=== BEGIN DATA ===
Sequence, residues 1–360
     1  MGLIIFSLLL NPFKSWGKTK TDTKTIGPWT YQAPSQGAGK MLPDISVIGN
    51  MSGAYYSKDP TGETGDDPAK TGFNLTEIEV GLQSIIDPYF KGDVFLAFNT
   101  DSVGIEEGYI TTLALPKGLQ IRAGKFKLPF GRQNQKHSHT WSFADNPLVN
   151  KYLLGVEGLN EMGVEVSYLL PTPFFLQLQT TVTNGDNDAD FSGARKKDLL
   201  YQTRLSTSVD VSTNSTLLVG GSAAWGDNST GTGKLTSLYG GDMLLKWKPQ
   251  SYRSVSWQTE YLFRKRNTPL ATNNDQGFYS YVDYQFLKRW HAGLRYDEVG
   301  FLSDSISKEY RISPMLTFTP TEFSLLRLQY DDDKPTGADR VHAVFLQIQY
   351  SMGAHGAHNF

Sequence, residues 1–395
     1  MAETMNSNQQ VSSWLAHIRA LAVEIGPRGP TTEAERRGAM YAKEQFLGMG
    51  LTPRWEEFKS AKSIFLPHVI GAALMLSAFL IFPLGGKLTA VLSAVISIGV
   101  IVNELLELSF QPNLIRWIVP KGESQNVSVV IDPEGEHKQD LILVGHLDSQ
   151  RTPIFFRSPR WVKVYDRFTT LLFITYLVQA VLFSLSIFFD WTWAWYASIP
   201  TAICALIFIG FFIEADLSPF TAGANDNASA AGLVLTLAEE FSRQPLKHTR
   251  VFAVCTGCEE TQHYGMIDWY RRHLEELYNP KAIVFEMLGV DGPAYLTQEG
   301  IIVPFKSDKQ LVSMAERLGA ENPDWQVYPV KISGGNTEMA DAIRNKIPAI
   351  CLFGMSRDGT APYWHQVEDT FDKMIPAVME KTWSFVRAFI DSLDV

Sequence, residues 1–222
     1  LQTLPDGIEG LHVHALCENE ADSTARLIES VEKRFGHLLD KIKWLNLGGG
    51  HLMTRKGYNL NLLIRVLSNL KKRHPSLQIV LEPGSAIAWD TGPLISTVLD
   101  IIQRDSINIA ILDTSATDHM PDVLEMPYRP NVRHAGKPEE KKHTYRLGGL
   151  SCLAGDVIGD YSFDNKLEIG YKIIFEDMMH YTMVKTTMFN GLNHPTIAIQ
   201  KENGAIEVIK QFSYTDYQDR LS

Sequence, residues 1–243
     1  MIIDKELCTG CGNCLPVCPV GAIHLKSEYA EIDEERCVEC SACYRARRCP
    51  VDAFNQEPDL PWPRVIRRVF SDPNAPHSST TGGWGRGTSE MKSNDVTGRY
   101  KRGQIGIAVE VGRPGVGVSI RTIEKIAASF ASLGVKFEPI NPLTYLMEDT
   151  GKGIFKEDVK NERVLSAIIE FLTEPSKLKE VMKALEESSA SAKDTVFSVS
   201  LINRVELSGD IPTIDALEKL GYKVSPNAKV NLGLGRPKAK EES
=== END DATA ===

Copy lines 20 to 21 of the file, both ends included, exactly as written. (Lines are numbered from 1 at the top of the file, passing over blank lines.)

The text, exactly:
     1  LQTLPDGIEG LHVHALCENE ADSTARLIES VEKRFGHLLD KIKWLNLGGG
    51  HLMTRKGYNL NLLIRVLSNL KKRHPSLQIV LEPGSAIAWD TGPLISTVLD